I just had to transcribe the “BP 2 MY Performance Measure Survey for LHDs” into an MS Word document. I think it proves a theory that I developed in college about government documentations & language.

I had to read a lot of them in college. I had to read a lot & there are certainly rules, or at least patterns that you see with certain types of documents.

For instance, if you ever read Karl Marx, or any real communist writer, you come to understand that they only have a point when they are brief. “The Thesis on Feuerbach” had a very strong & very valid point. It was only two pages. When people like Marx get long-winded on a topic, it generally means that they can’t prove what they’re arguing & are looking to throw in as much “evidence” as they can to confuse the reader into agreement.

The same rule applies to Eastern European writers. Well, it’s not the same rule, but it’s pretty darn close. In credo, most of them will take ten-pages to summarize what a Western European or an American writer will do in three. Asian writers, however, will only devote a page to what a European or an American writer will do in three. It’s just the way it works. Asian writers are very much Hemingway enthusiast, at least in form.

Of course the rule doesn’t apply to everyone. Hobbes, from England, took forever to get to a point, but he was writing philosophy, was a pleasure to read regardless, & was trying to use as much “evidence” to back up a thesis that became vapid after his description of life. So I tend to throw him in with Marx category.

Conversely Hamilton would be shocked at the length of both the USA PATRIOT ACT & the Affordable Care Act, both of which are longer than his combined proposals & the Federalist Papers. Hamilton was a man that knew, in his heart-of-hearts, that he was right & because of that, he didn’t feel the need to be long winded.

Government documents, on the other hand, follow their own rules. For instance, there can rarely be the use of the word “and” without the addition of “/or.” The same rule applies for the word “or,” which nine-of-ten times must be proceeded with “and/” That’s rule number one.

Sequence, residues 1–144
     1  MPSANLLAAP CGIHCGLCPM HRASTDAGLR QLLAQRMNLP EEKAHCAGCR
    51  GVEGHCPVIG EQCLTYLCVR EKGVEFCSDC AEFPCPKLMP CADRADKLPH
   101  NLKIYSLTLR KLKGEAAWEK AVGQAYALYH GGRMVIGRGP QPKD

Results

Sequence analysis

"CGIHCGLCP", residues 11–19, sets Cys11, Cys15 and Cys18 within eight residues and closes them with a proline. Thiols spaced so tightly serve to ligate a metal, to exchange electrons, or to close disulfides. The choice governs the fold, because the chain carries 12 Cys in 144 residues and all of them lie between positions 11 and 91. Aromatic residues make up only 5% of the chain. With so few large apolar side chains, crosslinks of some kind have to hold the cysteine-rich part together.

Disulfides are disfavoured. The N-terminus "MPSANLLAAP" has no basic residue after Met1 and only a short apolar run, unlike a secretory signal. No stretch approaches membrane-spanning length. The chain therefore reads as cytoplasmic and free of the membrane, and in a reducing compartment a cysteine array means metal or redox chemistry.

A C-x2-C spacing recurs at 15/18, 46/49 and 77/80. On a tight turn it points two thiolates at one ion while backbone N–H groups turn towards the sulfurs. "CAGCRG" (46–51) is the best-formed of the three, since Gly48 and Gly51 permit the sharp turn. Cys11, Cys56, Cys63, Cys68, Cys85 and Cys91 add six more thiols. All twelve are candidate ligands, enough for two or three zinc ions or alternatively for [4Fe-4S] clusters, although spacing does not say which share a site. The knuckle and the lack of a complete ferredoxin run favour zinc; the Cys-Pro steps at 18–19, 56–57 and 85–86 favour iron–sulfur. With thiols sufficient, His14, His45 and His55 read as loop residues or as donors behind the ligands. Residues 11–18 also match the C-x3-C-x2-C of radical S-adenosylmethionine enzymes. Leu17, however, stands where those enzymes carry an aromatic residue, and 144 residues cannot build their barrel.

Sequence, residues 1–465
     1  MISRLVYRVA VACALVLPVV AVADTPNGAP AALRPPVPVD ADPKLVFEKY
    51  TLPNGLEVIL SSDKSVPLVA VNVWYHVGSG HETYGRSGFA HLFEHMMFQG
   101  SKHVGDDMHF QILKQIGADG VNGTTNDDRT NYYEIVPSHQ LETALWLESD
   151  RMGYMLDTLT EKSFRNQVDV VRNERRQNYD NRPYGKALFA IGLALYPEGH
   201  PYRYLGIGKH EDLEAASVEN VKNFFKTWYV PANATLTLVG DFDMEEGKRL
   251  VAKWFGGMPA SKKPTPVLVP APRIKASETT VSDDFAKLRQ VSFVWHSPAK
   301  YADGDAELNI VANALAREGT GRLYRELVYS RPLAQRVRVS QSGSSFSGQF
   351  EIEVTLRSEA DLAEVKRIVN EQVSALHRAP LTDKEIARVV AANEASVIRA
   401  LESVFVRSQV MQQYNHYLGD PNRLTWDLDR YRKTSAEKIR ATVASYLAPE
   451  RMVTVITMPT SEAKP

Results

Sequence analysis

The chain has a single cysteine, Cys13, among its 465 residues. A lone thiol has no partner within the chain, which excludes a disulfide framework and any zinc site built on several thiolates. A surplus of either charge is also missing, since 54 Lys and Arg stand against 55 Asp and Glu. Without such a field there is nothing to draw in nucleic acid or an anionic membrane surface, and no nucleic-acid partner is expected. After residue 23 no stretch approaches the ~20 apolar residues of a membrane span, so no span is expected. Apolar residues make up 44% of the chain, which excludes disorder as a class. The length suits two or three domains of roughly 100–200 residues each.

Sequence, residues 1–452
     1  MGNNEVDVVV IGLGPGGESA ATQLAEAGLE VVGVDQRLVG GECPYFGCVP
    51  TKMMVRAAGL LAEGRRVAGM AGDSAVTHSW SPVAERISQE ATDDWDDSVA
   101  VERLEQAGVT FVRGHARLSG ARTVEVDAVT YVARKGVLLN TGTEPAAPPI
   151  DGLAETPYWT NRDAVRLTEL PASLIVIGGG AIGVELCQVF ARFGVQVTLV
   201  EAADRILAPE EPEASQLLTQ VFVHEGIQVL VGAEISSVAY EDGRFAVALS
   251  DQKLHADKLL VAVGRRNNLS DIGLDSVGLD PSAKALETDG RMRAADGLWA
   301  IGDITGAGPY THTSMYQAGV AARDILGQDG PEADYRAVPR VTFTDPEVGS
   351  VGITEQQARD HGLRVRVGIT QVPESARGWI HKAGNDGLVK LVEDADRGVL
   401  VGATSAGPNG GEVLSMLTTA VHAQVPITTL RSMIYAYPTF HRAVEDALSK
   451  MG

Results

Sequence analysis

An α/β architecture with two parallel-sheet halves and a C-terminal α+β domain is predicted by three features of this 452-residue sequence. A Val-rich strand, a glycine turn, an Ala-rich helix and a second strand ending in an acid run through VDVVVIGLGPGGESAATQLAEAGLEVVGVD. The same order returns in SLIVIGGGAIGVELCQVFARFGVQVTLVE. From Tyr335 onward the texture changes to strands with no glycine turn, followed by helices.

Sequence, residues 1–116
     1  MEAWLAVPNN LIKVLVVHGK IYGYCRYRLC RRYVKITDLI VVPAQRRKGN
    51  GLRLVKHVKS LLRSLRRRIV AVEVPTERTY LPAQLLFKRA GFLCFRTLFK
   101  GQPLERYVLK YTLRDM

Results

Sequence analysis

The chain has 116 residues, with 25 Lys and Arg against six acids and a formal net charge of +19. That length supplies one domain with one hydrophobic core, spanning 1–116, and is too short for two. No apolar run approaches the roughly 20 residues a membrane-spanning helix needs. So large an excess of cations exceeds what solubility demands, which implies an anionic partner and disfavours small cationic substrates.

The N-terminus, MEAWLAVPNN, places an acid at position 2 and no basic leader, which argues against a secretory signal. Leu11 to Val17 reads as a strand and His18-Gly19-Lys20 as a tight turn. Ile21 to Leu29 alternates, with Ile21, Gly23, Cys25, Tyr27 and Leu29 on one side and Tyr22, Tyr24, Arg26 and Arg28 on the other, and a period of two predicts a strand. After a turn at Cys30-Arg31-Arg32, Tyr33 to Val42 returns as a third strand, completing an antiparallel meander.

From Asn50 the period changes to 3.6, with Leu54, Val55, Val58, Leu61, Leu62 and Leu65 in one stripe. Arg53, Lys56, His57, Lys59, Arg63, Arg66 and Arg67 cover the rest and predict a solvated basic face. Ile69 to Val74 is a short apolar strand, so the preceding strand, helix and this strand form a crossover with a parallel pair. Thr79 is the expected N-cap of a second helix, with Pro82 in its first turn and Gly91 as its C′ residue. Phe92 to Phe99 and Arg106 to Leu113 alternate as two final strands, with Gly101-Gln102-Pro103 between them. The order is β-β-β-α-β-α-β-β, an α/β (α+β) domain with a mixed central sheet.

The second rule deals strictly with verbiage. There can only be a maximum of thirty different words in any singular government text & they must be repeated with the maximum amount of frequency possible. This bleeds into paragraphs, which must also have at least two sentences copied, in their entirety, from the proceeding paragraph.

The copied sentences are often in the form of lists with the heavy use of a comma & possibly the addition of “and/or” without which the document may lose all bureaucratic credibility. Most of these words have to have the same basic meaning. The words in the repeated list, have to be words that fiction authors will substitute for one another in an effort to NOT sound as repetitive as a government document. An example “plans, processes, procedures, and systems.”

“Plans, processes, procedures, and systems,” if used once in a paragraph, will have to be used a second time & then twice more in as many paragraphs as possible.

The writing style is designed for clarity, but the sheer repetitiveness of it is likely what confuses many readers.

In government documents, you do not want your reader to shrink from preforming the necessary tasks of the “procedure’ because they might think of it as only a mere “process.”

It’s a valid argument, especially in the Post-Seinfeld world of argued minutia. The sitcom is still popular enough to by on syndicate & thus to be a threat to clarity & understanding in the same way that “Dilbert” is a threat to the cubical world.

The thing is, for those incapable of tuning it out, the repetitiveness is a brick wall. The sentence has meaning, but all some people are capable of reading is the “plans, processes, procedures, and systems.”

People look at a government document & think, “isn’t this the same as the last sentence? What’s different here?” After which they are forced to reread the text, again, & again, & again, to find how this sentence is different from the one before it & the one after it.

It’s certainly why some people have a hard time following these things. Repetitiveness makes for dull prose, which is made worse when your brain as to read “and/or” and/or thus adding more complication to what could otherwise be a simple sentence.

It’s complicated & yet generally only has thirty different words per-page. The words are easy, the verbiage is easy, it’s only the repetitiveness that really complicates the text.

The people that have a hard time understanding these things are probably too smart for them. Give a government document to a genius & they might be flabbergasted. Their big brains aren’t wired to understand them. And/or, more appropriately, they are too smart to NOT understand them.

They are focusing too much on the individual words. This is wrong. It only leads to confusion. Government documents are like Pidgin, if you try to follow what a Pidgin speaker is saying, word for word, you’ll never understand it. However, if you just follow the gist of what they are saying, your brain will translate it fluently.

That’s the trick. The government is a bureaucracy & the documentation that it produces is also & therefore necessarily bureaucratic. You can’t be Albert Einstein & expect to understand it. If you are, than you’re aiming too high. You have to instead be Radar O’Reilly.

Radar was a wise & noble man.

“How do you understand all of this Radar?”
“I try not to, sir.’

It is very simply what you have to do if you are to successfully read, understand, and/or write a government document. Try not to understand it, you’ll do better.


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